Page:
I know there have been a pile of hot-box threads already, but I figured I'd post this both because it shows how to resolve some problems that others have encountered (temperature overshoots for example) and because the requirements and resulting solution were a bit different. My requirements in building a hot-box were as follows:
1. Temperature over-shoot no greater than 3 degrees F
2. Average temperature within 1 deg. of target after warmup
3. Temperature differences along the skis no worse than 5 degrees F at equilibrium
4. Accomodate 2 pairs of skis of up to 220 cm length (i.e. DH skis)
5. Accomodate 2 pairs of skis of up to 185 cm length while using no more than 6.5' of floor space
6. Be transportable in a vehicle with a 5' long cargo area
7. Be light and durable enough to carry and transport
8. Be capable of maintaining 140F while used outside in winter conditions (for example covered by a tarp on a condo deck).
(4), (5), and (6) can't be achieved by a single unitary box, so they require either an accordion-style expansion of some sort or a modular system. I went for the modular approach to keep things simple (no slides etc), so the basic structure of the box consists of a ~5' main box and 2 interchangeable extensions (for < 185 and < 220 cm skis respectively) that attach to it via spring-loaded latches. Here is a picture of all 3 parts (on the floor of my messy garage). The thermocouples at each end are for external monitoring of the ski tip and tail areas.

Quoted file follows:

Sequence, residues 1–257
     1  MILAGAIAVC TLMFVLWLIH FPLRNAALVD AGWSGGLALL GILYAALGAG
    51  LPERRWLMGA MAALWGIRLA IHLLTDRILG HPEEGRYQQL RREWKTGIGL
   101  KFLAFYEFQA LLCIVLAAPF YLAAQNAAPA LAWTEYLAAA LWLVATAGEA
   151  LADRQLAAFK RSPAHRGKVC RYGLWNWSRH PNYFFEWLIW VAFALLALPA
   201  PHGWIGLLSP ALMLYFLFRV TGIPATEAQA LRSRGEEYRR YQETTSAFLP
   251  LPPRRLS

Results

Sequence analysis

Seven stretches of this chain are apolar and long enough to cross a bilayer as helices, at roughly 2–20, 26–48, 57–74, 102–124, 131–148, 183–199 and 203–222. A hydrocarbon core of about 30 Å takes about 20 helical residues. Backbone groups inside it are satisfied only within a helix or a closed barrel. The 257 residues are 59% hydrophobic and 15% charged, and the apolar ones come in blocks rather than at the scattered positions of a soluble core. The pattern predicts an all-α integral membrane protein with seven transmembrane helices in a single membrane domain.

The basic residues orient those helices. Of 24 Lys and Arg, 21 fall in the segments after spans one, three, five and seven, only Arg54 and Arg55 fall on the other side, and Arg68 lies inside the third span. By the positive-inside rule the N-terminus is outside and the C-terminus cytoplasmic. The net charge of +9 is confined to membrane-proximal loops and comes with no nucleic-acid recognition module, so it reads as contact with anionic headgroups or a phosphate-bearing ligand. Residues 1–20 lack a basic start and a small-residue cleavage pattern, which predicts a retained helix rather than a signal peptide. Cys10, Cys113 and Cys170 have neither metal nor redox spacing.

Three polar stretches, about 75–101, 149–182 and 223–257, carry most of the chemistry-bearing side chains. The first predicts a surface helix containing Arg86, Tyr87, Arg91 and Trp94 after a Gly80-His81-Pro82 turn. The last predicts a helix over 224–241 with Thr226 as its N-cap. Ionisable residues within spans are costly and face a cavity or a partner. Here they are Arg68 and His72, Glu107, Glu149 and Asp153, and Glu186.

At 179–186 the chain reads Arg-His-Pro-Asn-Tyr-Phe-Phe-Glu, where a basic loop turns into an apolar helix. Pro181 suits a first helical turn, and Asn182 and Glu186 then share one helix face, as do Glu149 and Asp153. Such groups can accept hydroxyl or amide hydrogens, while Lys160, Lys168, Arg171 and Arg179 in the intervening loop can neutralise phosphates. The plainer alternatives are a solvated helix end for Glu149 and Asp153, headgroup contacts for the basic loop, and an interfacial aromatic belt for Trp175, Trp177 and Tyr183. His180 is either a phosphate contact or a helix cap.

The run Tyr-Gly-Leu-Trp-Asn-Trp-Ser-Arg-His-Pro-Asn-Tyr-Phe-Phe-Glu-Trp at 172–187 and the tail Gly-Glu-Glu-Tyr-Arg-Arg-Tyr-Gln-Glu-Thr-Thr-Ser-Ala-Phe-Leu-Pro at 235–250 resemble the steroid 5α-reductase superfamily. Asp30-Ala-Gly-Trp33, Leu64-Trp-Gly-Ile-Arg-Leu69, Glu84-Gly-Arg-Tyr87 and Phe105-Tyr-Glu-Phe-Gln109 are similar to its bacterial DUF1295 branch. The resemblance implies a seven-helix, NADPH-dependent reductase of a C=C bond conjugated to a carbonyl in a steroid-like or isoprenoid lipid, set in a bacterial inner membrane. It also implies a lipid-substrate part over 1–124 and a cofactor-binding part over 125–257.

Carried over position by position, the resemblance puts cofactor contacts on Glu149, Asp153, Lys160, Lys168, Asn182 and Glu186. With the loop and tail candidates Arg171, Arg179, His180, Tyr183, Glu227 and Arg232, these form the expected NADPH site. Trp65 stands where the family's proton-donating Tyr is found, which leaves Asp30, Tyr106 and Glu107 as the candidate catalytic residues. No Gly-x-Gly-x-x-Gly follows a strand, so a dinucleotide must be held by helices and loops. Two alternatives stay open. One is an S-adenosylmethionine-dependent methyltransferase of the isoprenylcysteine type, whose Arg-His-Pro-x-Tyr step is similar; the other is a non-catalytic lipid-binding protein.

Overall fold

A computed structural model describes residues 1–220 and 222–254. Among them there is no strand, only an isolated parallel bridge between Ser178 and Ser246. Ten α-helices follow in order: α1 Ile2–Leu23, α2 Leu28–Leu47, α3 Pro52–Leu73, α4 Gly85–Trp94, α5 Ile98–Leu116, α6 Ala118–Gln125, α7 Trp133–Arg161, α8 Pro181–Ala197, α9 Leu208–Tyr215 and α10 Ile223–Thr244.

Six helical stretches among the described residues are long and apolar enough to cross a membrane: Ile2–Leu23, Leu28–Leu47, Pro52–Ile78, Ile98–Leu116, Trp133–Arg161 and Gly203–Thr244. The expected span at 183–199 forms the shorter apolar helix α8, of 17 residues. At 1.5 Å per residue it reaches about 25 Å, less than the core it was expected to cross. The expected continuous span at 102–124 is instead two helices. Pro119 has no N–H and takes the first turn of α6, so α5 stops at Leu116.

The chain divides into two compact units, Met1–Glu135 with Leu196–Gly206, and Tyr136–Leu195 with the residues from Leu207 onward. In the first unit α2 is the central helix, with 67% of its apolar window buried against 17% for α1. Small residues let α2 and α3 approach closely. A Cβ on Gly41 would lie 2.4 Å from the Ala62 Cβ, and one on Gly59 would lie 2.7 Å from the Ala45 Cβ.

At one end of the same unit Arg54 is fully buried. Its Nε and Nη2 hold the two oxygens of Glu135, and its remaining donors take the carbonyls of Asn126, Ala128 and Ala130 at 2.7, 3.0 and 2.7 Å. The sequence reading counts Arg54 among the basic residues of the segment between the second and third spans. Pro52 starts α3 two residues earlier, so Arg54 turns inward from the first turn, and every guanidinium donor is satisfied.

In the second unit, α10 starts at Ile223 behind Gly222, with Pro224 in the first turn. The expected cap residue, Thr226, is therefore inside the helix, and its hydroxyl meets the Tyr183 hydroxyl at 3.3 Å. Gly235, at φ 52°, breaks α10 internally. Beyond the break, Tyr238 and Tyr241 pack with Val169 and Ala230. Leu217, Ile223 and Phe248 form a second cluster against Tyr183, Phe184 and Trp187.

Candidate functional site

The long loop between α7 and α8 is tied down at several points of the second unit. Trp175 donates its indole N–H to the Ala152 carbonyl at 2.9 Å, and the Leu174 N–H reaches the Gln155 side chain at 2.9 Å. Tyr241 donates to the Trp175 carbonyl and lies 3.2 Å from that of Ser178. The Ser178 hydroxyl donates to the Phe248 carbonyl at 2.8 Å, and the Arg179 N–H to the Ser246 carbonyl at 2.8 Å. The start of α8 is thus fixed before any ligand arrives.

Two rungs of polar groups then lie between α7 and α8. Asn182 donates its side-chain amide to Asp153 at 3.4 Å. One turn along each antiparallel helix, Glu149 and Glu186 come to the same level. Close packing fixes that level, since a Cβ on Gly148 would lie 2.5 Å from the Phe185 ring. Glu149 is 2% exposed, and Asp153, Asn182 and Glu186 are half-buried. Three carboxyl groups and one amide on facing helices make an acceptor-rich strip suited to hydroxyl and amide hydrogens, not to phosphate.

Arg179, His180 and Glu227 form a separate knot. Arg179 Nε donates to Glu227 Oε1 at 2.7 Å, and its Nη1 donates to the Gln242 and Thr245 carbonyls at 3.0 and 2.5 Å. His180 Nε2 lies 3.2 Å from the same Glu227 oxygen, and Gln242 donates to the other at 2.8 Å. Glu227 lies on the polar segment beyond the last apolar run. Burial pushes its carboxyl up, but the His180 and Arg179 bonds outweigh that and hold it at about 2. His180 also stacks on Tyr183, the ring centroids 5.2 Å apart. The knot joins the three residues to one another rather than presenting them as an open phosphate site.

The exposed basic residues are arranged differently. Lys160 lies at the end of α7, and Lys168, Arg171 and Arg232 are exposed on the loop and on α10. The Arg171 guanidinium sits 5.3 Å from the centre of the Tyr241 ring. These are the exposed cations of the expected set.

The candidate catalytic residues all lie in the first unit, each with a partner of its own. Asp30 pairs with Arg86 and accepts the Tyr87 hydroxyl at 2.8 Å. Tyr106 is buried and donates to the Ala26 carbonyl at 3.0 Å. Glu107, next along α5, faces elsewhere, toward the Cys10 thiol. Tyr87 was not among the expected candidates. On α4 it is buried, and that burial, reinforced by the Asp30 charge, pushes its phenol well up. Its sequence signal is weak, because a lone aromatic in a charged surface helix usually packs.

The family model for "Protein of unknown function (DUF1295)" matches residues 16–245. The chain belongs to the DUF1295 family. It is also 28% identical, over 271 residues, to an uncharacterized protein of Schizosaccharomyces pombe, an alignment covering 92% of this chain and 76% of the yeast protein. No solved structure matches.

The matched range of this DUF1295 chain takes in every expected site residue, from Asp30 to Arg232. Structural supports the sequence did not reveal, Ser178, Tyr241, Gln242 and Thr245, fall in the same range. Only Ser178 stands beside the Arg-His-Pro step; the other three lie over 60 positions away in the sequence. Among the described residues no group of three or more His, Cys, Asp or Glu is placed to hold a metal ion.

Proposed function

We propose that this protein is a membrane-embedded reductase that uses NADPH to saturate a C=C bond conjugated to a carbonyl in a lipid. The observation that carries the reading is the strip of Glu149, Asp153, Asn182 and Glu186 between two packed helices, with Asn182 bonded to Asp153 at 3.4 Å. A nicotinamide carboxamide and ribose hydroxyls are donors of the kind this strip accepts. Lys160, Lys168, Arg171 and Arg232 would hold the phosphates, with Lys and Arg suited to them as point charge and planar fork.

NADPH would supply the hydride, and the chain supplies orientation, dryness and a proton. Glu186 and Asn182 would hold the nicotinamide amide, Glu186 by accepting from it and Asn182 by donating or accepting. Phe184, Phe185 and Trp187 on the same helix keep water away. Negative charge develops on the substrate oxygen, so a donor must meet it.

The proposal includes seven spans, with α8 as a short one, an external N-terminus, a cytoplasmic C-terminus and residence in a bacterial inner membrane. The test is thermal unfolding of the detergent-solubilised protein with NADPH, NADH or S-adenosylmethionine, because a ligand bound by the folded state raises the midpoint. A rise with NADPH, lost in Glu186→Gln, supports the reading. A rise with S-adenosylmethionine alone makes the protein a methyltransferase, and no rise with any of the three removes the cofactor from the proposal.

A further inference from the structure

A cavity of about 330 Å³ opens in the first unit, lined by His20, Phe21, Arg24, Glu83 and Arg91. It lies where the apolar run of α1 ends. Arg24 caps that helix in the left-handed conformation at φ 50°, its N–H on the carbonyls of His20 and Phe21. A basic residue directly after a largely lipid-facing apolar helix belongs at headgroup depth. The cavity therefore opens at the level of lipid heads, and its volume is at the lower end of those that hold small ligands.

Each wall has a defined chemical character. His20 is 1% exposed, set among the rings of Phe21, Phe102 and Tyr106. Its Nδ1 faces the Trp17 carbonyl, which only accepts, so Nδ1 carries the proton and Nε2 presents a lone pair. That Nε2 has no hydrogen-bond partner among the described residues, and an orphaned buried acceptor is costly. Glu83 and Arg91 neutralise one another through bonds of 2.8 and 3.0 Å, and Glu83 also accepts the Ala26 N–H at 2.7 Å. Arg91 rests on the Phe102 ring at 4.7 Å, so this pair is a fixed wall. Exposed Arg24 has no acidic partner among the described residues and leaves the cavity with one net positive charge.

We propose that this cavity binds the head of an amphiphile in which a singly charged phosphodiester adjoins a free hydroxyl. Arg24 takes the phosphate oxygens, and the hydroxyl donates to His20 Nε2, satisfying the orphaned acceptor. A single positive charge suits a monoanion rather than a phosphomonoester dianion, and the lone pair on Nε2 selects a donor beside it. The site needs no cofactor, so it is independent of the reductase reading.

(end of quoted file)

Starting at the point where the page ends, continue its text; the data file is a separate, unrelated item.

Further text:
The internal structure consists of a lower bay with fans/heaters, and an upper bay with shelving supports for the skis. The dividing shelf between the bays extends almost the full length of the hot-box (including the extensions) such that there are no significant "stagnant pockets" of air:
The basic structure consists of 1/4" plywood framed with 2x2 furring strips. The strips are routed into L sections to save weight/space. The insulation is 1/2" polyiso (R-matte 3). There are hardwood (poplar and birch depending on application) stringers to add longitudinal stiffness to the top and bottom of the opening and also to serve as "feet" below the box.
The following picture shows the interior of the short extension, including both the continuation of the dividing shelf and the main thermocouple, which measures temperature just before the air "turns up" into the ski compartment (i.e. it measures the highest temperature that the skis could possibly see). The thermocouple sticks down through the mid-shelf, though you can't really see that here. The wood blocks on either side hold the clamps. The foam around the opening is 3/16" thick boot-fitting foam that I bought by the roll ages ago:
The following picture shows the lower bay of the main box without the dividing shelf, including both heaters and fans. The heaters are a pair of 350W Vulcan enclosure heaters connected in parallel. I chose to use two because the box isn't wide enough for a single 700W heater, and because this gave me the ability to disconnect one of the heaters if overshoot became a problem (it ultimately didn't). Note the quick-and-dirty plenum that concentrates the airflow through the heaters. The fans are Dayton 120x38 mm 120 VAC types, rated for ~40 cfm each: